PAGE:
The next graph shows the evolution of the broad underutilisation rate over the same period. You can see the three cyclical peaks corresponding to the 1982, 1991 recessions and the more recent downturn.

Unemployment was a higher proportion of the two earlier peaks but underemployment now dominates the current cycle (just).

The other difference between now and the two earlier cycles is that the recovery triggered by the fiscal stimulus in 2008-09 did not persist and as soon as the ‘fiscal surplus’ fetish kicked in in 2012, things went backwards very quickly.

The two earlier peaks were sharp but steadily declined. The last peak fell away on the back of the stimulus but turned again when the stimulus was withdrawn.

If hidden unemployment (given the depressed participation rate) is added to the broad ABS figure the best-case (conservative) scenario would see a underutilisation rate well above 16 per cent at present. Please read my blog – Australian labour underutilisation rate is at least 13.4 per cent – for more discussion on this point.

The next update will be for the November-quarter 2017 and will be published published in the December 2017 Labour Force release. In between those releases, the monthly estimates guide our thinking.

Aggregate participation rate – rises by 0.2 points to 65.3 per cent

While the participation rate edged up again in August 2017, it remains below the most recent peak in November 2010 of 65.8 per cent when the labour market was still recovering courtesy of the fiscal stimulus.

What would the unemployment rate be if the participation rate was at the last November 2010 peak level value?

The following graph tells us what would have happened if the participation rate had been constant over the period November 2010 to August 2017. The blue line is the official unemployment rate since its most recent low-point of 4 per cent in February 2008.

The red line starts at November 2010 (the peak participation month). It is computed by adding the workers that left the labour force as employment growth faltered (and the participation rate fell) back into the labour force and assuming they would have been unemployed. At present, this cohort is likely to comprise a component of the hidden unemployed (or discouraged workers).

With the rise in participation in recent months, the red line is dropping quite sharply, which is a good sign.

1. Total official unemployment in August 2017 was estimated to be 727.5 thousand.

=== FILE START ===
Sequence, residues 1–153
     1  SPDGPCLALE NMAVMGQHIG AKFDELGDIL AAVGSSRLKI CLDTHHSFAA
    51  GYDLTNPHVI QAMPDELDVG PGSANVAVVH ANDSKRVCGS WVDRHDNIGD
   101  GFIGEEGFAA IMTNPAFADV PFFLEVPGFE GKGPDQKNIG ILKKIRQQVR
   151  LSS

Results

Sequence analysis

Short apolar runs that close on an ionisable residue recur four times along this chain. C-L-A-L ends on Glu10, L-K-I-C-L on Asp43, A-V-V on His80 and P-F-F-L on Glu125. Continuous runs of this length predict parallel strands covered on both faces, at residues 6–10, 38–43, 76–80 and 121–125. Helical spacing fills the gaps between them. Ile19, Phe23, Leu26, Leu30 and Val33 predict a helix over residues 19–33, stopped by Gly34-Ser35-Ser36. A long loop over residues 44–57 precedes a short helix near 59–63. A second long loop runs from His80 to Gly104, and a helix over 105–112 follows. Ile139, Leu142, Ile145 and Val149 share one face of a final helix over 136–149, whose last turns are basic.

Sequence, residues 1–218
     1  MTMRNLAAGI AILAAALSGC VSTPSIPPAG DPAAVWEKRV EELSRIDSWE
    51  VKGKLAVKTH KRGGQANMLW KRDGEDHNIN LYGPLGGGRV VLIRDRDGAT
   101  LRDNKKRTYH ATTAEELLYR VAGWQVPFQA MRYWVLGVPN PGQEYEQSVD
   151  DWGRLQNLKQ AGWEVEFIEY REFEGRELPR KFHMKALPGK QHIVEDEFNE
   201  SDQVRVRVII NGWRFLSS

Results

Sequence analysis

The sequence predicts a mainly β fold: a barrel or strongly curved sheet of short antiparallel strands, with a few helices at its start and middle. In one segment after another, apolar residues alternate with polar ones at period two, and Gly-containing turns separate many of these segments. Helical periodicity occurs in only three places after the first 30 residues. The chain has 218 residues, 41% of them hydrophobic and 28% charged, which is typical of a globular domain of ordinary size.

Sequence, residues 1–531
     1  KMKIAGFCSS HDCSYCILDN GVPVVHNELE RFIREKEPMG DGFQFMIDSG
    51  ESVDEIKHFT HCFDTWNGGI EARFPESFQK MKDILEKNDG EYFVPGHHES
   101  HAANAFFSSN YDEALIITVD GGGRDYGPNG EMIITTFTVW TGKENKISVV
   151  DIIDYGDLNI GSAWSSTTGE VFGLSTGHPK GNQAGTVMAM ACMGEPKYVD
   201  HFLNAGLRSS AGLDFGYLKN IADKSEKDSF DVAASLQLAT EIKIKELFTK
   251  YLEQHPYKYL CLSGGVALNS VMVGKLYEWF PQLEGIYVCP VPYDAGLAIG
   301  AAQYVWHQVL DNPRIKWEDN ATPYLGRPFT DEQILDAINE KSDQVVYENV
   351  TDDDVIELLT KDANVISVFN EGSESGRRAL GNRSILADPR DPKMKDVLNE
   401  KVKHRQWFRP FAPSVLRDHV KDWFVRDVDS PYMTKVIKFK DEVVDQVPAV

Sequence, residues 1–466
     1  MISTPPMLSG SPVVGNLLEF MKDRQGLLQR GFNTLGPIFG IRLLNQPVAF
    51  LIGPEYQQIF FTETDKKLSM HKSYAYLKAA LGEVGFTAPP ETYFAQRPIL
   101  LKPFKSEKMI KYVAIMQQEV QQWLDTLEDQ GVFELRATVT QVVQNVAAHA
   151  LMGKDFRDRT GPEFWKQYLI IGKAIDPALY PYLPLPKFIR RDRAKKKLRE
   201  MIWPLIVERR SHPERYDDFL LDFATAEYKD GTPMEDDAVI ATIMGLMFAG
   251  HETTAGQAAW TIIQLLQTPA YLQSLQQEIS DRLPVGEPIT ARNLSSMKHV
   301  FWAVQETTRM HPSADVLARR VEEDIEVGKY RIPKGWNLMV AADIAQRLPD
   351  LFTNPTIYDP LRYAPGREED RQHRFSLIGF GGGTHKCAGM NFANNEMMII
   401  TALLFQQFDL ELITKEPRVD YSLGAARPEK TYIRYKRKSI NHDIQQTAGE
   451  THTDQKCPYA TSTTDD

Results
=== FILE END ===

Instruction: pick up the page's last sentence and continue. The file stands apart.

2. Unemployment would be 831.7 thousand if participation rate was at its November 2010 peak.

3. The unemployment rate would now be 6.3 per cent rather than the official August 2017 estimate of 5.6 per cent.

The difference between the two numbers mostly reflects, the change in hidden unemployment (discouraged workers) since November 2010. These workers would take a job immediately if offered one but have given up looking because there are not enough jobs and as a consequence the ABS classifies them as being Not in the Labour Force.

There has been some change in the age composition of the labour force (older workers with low participation rates becoming a higher proportion) but this only accounts for less than 1/3 of the shift. The rest is undoubtedly accounted for by the rise in hidden unemployment.

Note, the gap between the blue and red lines doesn’t sum to total hidden unemployment unless November 2010 was a full employment peak, which it clearly was not. The interpretation of the gap is that it shows the extra hidden unemployed since that time.

This gap shrinks as participation rises relative to the November 2010 peak.

Hours worked – increased 6.1 million hours (0.4 per cent)

Over the last three months we have seen swings in both directions.

The following graph shows the monthly growth (in per cent) over the last 24 months. The dark linear line is a simple regression trend of the monthly change – which depicts an upward trend – driven mostly by the outlier in May 2017.

You can see the pattern of the change in working hours is also portrayed in the employment graph – zig-zagging across the zero growth line.


My standard monthly warning: we always have to be careful interpreting month to month movements given the way the Labour Force Survey is constructed and implemented.

Today’s figures show that the Australian labour market improved again in August 2017, if we consider positive overall employment growth to be the benchmark.

The net result was relatively strong and was accompanied by a rise in full-time work (reversing last month’s result).

Unemployment fell even though the participation rose. That suggests that employment growth was robust.

There was a slight improvement in the teenage labour market in August 2017, but it remains in a poor state.

Overall, the state of the Australian labour market still remains uncertain although the positive employment growth is a good sign.

Reclaiming the State Lecture Tour – September-October, 2017

For up to date details of my upcoming book promotion and lecture tour in Late September and early October through Europe go to – The Reclaim the State Project Home Page.

For sale – Just released book at discount price